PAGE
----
Bold Mold

After gifting my Casiowriter to Joe Van Cleave, I decided to keep my eye out for another one. They don’t pop up as frequently as the Canon Typestars, but they’re not exactly hard to find. The keyboard is very nice, with a satisfying click, and the keys feel significant, if that makes sense.

One reason I didn’t hesitate to send the other one to Joe is because I wasn’t happy with the density, or darkness, of the type. This one seems better. But I’m still tempted to leave it in bold mode all the time. See, that’s even better. And one doesn’t have access to bold on a typewriter, so I don’t think it is a feature I would miss.

Let’s be honest: though the font is nice, the print quality is a vivid reminder of the dot matrix days. I’ve even heard thermal typewriters referred to as dot matrix. But dot matrix printers used a number of pins to strike a ribbon, using a series of dots to form the characters. Thermal typewriters use an entirely different method that makes use of a metal print head that applies heat to the paper. Beyond that, I don’t know how it works. And frankly, I like to believe it’s a bit of magic.

I do hope Joe can improve the density on his. Perhaps the print head just needs a bit of cleaning. I was pleased to see he took it to a type-in. So he must be pleased with it to a degree. I do eagerly await his video focusing on the Casiowriter. I’m curious to hear his thoughts on it. I’m sure he will agree that the typing experience is fabulous.

Just now, I did some “fake” typing on a Canon Typestar 10-II, and the sound is more clicky, with the typebar making a good clack. The spacebar here (above, I meant to say spacebar, not typebar) has a loud clack, too, but the other keys make a more subdued sound, lower-pitched, giving you a sense of higher-quality materials and construction. But we’re really just talking minute differences here. The keys on this Casiowriter are 10-15% taller, but I don’t know if that has any effect on the typing experience. But it sure is a nice looking keyboard.

Finally, the print head seems a bit more clunky on this typer than the Typestars. This is mostly apparent on the carriage return, as it rather aggressively pulls the print head back from the paper, making a loud thwack. I would hesitate to take this one to a quiet environment.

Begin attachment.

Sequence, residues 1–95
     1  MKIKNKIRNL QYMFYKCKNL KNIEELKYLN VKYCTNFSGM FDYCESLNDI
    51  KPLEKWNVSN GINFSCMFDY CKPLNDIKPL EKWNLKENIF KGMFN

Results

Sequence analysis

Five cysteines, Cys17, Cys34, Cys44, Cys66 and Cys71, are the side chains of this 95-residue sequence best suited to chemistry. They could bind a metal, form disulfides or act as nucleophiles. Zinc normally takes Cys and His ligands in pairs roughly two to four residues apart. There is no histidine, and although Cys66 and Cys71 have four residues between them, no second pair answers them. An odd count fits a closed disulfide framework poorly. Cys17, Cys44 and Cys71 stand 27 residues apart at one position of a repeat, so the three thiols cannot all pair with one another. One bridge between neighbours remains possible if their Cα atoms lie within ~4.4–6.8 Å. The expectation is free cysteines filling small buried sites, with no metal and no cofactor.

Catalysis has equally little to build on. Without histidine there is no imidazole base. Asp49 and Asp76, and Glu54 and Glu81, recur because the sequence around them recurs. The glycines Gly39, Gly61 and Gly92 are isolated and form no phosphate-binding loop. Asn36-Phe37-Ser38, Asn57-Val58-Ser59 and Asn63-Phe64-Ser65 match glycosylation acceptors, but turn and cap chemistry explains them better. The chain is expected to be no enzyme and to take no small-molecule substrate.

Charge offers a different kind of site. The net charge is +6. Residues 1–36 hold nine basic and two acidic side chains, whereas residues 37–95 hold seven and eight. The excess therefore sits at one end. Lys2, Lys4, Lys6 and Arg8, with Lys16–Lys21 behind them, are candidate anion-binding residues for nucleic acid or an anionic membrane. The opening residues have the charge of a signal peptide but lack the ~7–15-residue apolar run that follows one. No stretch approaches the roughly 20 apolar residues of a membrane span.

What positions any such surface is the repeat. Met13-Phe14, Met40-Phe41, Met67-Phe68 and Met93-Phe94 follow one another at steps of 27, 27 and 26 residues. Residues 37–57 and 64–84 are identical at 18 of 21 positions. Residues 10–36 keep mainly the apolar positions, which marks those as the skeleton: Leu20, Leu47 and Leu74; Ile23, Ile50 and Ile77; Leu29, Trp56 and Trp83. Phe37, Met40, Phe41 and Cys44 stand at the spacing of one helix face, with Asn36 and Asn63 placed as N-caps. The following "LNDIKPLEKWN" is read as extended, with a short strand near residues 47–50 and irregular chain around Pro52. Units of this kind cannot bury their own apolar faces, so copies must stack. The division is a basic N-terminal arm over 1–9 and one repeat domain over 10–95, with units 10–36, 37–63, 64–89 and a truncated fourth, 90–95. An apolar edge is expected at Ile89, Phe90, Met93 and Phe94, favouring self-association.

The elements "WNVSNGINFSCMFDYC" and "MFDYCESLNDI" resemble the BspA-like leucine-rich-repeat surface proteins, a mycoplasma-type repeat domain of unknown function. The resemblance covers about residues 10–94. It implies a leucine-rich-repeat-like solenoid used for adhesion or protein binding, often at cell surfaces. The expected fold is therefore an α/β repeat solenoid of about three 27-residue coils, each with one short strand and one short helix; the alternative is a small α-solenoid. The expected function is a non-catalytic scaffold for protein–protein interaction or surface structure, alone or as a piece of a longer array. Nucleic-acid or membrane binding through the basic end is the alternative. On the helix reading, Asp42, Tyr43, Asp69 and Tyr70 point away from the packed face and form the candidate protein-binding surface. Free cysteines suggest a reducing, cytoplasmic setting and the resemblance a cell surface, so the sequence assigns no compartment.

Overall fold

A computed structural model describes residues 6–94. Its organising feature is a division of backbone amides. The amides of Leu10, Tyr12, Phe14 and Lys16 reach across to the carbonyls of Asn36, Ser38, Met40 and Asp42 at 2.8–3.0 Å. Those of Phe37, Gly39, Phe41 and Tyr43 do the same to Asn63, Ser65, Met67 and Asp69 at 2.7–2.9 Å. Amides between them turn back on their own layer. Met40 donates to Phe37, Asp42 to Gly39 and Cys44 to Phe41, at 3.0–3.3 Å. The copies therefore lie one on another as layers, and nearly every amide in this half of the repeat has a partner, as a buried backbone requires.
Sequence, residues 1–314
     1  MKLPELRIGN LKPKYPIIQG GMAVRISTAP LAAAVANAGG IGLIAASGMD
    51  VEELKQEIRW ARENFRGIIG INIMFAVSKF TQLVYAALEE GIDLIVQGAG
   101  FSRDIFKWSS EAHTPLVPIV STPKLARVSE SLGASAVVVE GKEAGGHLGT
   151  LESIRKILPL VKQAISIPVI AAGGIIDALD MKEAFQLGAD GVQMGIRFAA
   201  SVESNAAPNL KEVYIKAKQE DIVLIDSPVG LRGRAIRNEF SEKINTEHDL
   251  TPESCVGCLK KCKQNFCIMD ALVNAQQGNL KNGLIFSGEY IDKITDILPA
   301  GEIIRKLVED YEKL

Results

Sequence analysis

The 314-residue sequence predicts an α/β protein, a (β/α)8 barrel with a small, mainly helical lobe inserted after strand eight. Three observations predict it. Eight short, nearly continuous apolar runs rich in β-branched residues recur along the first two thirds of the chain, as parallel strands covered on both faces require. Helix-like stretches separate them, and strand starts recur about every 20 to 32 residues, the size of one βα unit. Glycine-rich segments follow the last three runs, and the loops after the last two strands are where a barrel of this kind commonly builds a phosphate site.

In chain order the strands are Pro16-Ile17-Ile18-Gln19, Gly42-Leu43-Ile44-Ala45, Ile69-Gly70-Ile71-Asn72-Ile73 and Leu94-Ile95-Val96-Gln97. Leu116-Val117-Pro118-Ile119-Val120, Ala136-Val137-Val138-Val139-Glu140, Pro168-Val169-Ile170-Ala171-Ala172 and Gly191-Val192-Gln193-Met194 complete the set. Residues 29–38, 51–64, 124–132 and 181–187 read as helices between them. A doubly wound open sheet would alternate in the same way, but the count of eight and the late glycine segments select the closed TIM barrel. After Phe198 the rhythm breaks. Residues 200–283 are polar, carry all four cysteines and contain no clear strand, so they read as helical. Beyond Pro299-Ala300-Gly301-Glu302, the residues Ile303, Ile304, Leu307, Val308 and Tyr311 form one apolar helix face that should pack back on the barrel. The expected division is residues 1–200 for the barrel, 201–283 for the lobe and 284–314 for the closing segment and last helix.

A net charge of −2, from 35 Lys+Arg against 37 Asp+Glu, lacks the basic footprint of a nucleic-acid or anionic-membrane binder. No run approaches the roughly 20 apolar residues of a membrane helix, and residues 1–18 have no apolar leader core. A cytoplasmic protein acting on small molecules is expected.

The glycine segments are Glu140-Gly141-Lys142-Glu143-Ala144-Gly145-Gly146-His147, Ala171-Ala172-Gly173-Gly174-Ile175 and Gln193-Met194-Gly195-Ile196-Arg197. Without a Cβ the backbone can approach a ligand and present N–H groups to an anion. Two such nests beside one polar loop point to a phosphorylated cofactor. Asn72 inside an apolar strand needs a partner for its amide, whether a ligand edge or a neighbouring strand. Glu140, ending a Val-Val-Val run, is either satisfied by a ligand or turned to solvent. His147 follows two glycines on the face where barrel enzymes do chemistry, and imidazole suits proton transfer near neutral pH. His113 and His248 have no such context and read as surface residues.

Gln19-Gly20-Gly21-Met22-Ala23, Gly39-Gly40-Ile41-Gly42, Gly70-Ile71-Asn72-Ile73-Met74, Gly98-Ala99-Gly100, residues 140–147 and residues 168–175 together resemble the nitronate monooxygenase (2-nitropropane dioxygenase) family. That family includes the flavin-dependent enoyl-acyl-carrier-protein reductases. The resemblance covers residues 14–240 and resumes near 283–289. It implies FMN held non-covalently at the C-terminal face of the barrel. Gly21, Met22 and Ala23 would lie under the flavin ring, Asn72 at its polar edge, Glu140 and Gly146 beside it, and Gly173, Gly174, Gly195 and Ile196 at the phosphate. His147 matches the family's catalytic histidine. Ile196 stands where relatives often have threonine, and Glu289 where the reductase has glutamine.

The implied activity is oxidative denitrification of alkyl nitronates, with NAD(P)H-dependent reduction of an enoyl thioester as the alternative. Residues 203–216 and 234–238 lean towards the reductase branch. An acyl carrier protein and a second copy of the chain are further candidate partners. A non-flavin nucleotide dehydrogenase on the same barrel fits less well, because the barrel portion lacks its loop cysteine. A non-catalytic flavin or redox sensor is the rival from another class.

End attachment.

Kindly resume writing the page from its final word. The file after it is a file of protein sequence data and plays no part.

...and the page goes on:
Regardless, I am happy to have this example of a thermal typewriter back in my collection. I know there is a Panasonic out there, which seems to be much more rare. So unless I can stumble upon one of those at a good price, I think I can safely return to collecting the Typestar line. Speaking of which, a Typestar 6 is on the way! I briefly had one, but it was DOA. So fingers crossed…

Author: Gregory

3 thoughts on “Bold Mold

  1. I’m enjoying this thermal typewriter topic. I have a Typestar 5. I got it on a whim and so far am very pleased with it. I’ll be interested to see your progress with the Casio and what you think of the Typestar 6 when it arrives.

    By the way, where do you find your machines?

  2. My understanding is there are dot matrix typewriters that print directly onto thermal paper, or onto non-thermal paper via an inked ribbon, or sometimes both.

  3. Ah, thanks for reminding me about the Casiowriter video. Last week I got caught up in the Type-Out and subsequent interview of Ethan Moses, then today I spent hours cleaning and reassembling a Torpedo for an upcoming video.

    The Casio does a funny dance of the print head when it does a carriage return. It’s actually interesting to study the differences between these various machines.

    I’d like to find one of those Panasonics too.

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